|GM will not solve world hunger - Catholic Institute for International Relations (2/3/2004)|
"If the UK and Europe give the go-ahead to the commercialisation of GM crops and foods, developing countries will be put under further pressure to follow suit. The introduction of GM crops in countries with weak institutions and lax regulations will result in food insecurity, poverty and environmental vulnerability for millions of heavily disadvantaged farmers. It will also further tighten corporate control of production."
GM will not solve world hunger, says CIIR
1 March 2004 - Recent moves by the biotech lobby to pitch genetically modified (GM) organisms as a solution to world hunger are an irresponsible misrepresentation of the situation, says CIIR.
Far from being part of the solution, GM seeds and their additional expensive inputs would exacerbate world food insecurity and suffering.
The government is poised to announce its position on GM crops in the UK and seems likely to give the go-ahead to the commercialisation of GM maize.
Elisabet Lopez, CIIRs Environmental Campaign Coordinator, said: "The issue of GM is particularly relevant to CIIRs work with disadvantaged farmers in developing countries who are implementing sustainable agricultural techniques to reduce poverty and environmental vulnerability."
She added: "Most farmers in developing countries struggle to afford even the most basic inputs and cannot always afford to buy seeds each growing season. Their food security is dependent on selecting, saving and sharing seeds from year to year an age-old practice that is environmentally, economically and socially sustainable."
Many developing countries have continued to reject GM technology, despite mounting pressure on them to agree to it. The Lusaka declaration in November 2002 saw consumer leaders from 20 African countries reject GM technology because they did not believe it would alleviate hunger in Africa.
Representatives of the Catholic Church, including Fr Roland Lesseps and Fr Peter Henriot in Zambia, have added their voices to the growing dissent. Both priests have first-hand knowledge of the problems that face poor rural communities in developing countries and believe patented seeds will reduce access to crops and increase hunger as well as environmental and health uncertainties in vulnerable communities.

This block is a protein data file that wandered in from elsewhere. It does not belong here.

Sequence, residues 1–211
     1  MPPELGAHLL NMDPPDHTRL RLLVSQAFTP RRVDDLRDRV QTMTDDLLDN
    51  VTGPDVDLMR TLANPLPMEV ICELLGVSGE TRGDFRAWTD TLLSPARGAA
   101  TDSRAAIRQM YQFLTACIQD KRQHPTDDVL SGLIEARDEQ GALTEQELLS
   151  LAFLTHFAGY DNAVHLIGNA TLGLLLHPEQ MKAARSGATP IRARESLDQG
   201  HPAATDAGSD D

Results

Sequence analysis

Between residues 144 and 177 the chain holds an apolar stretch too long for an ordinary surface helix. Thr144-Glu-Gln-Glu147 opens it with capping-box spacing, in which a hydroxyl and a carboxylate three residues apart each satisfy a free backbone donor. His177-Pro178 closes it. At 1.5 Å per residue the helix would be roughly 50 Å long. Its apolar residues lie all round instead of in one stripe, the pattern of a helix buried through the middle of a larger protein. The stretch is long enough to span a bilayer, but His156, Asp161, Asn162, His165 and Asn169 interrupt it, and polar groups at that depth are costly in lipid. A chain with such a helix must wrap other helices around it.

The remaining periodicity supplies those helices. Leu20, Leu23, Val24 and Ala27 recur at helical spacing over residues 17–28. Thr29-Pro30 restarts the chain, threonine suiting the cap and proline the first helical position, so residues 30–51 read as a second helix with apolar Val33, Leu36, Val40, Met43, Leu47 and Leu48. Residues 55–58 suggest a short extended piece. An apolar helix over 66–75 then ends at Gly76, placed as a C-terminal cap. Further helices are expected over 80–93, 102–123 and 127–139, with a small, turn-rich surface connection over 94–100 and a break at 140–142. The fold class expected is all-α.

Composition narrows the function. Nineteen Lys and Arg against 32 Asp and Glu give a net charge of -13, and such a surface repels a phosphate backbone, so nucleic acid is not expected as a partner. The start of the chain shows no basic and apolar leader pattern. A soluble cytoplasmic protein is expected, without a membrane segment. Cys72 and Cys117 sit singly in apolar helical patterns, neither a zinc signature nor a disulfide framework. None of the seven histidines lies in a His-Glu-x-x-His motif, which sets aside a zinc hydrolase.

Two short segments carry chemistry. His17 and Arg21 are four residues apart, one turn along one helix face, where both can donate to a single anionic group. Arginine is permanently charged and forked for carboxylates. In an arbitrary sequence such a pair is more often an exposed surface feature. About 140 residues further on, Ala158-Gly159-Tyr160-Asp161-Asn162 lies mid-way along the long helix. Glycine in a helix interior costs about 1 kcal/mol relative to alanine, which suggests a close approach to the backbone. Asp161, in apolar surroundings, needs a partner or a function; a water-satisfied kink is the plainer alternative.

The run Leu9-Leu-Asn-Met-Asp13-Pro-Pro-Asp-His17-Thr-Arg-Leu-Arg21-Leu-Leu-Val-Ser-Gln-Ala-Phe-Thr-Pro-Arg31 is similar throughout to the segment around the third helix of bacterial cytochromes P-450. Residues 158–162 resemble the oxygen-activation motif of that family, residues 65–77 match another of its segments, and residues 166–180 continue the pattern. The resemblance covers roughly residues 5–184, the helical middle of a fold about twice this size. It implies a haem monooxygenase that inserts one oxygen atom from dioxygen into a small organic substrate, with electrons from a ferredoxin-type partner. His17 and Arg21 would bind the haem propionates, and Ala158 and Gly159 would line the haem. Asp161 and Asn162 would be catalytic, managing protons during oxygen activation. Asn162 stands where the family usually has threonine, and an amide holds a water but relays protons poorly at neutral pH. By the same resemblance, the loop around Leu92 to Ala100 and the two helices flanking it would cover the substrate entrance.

While presenting GM as a solution to world hunger, biotech multinationals apply for patents on the so-called Terminator Technology that makes seeds sterile. They then promote this as a means to contain contamination of non-GM crops. But the reality is that this technology serves as a tool to prevent farmers from saving and sharing seeds, thus ensuring the profits go straight to the biotech multinationals.
CIIR believes that what happens in the UK will set a clear precedent for the rest of the world. If the UK and Europe give the go-ahead to the commercialisation of GM crops and foods, developing countries will be put under further pressure to follow suit. The introduction of GM crops in countries with weak institutions and lax regulations will result in food insecurity, poverty and environmental vulnerability for millions of heavily disadvantaged farmers. It will also further tighten corporate control of production.
Ms Lopez said: "GM crops pose a serious threat to food security because they would make poor farmers dependent on expensive inputs. They also constitute a serious danger to genetic diversity and to the farmers ability to choose non-GM crops.
"The Green Revolution did not work for poor farmers in developing countries because it prescribed a one-size-fits-all approach to agriculture. Now, those who heralded the Green Revolution as the solution, present GM in the same light."
She added: "Food insecurity cannot be solved by technological fixes. If we are to help poor farmers in developing countries, we need to take a close look at the real causes behind poverty, such as social and economic inequalities. Undoubtedly, technology has an important role to play but it needs to be economically, culturally and environmentally appropriate."
For further information contact: Finola Robinson 020 7288 8619 [email protected]